People feel corruption is increasing under Ramaphosa

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South Africa is no stranger to corruption. But while President Cyril Ramaphosa might view himself as an anti-corruption leader, a new poll by Afrobarometer shows that South Africans perceive corruption as increasing under his rule.

New Afrobarometer survey findings from 2021 mirror the headlines: Not only do South Africans believe that corruption is getting worse, but they also see large portions of elected officials and civil servants as involved in corrupt activities.

Society says the government is mishandling the anti-corruption fight. While channels to report corruption are increasingly seen as unsafe.

The Afrobarometer team in South Africa, led by the Institute for Justice and Reconciliation and 94 Research, interviewed 1,600 adult South Africans in May-June 2021.

Key findings include:

  • Almost two-thirds (64%) of South Africans say that corruption increased in the past year, including half (49%) who believe it increased “a lot.”
  • Seven in 10 South Africans (70%) say the government is performing “fairly badly” or “very badly” in the fight against corruption.
  • Three out of four South Africans (76%) say people risk retaliation or other negative consequences if they report incidents of corruption, a 13-percentage-point increase compared to 2018.
  • Seven in 10 citizens (71%) believe that officials who break the law “often” or “always” go unpunished, while half (49%) say ordinary people who commit crimes enjoy such impunity.

When looking at who is involved in corruption, Afrobarometer found that despite a particular emphasis on anti-corruption efforts focusing on the Presidency, more than half (53%) of South Africans believe that “most” or “all” officials in the Presidency are involved in corruption.

Among 10 other institutions that Afrobarometer asked about, only the South African Police Services (SAPS) are more widely seen as corrupt (by 56% of respondents).

In addition, about one-third of citizens see “some” officials in the Presidency (33%) and the SAPS (36%) as corrupt.

Here is the full graph of how South African’s perceive leaders’ involvement in corruption:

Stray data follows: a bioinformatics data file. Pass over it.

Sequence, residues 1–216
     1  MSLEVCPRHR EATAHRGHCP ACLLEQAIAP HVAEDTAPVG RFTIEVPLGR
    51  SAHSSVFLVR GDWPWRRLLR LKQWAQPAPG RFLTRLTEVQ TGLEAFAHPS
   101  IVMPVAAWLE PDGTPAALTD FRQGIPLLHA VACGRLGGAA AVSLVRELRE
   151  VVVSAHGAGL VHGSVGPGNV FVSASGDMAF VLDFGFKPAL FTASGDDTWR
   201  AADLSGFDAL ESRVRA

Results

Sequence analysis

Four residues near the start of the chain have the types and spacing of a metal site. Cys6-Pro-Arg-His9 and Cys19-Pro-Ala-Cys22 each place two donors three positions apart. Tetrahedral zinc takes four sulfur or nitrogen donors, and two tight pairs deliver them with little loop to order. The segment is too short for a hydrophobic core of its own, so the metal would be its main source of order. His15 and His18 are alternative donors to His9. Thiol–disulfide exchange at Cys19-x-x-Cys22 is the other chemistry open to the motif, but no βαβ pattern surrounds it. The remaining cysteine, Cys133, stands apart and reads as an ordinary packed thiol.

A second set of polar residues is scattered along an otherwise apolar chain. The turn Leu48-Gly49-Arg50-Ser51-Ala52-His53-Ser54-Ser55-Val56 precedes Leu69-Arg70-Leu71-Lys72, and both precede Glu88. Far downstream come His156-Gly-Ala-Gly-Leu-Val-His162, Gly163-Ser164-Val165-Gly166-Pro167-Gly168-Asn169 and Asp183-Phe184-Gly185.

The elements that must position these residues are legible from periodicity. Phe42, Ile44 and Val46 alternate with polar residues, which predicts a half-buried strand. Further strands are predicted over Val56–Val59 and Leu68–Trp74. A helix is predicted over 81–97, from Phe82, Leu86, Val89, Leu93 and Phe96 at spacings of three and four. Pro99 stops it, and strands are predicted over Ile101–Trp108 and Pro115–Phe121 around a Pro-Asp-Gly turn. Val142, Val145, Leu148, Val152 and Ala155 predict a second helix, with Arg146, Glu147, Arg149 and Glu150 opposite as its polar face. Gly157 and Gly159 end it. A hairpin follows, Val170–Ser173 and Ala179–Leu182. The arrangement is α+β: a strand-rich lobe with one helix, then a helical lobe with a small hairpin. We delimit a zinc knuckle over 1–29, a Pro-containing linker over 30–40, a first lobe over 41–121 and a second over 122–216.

But how do South Africans perceive the government’s performance in fighting corruption? 

Afrobarometer states that central to anti-corruption efforts is how the government implements the measures it has set in place to deal with and prevent incidents of corruption. “In light of South Africans’ perceptions that corruption is increasing, it is not surprising that they also believe that the government is not enforcing its anti-corruption measures well,” says the survey research network.

Here is the Afrobarometer’s graph on how South Africans feel that the government is fairing in the fight against corruption:

When it comes to bribery, it is evident that corruption exists within state institutions and between citizens and the state.

The question now stands: How willing are South Africans to pay a bribe to access state services? And how safe do they feel in reporting corruption?

Among respondents who say they interacted with key public services during the 12 months preceding the survey, one in four (24%) say they paid a bribe “once or twice”, “a few times,” or “often” to avoid a problem with the police.

In addition, 15% say they paid a bribe to obtain police assistance, a 5-percentage-point increase compared to 2018.

The share of South Africans who paid a bribe to obtain a government document, such as an identity document, a license, or a passport, increased substantially compared to 2018, from 13% to 21%. 

About one in 10 respondents report paying a bribe to obtain public school services (10%) or medical care (8%).

Here is the full graph of the findings in bribery:

What are your views on Afrobarometers findings? Share your views in the comment section below.

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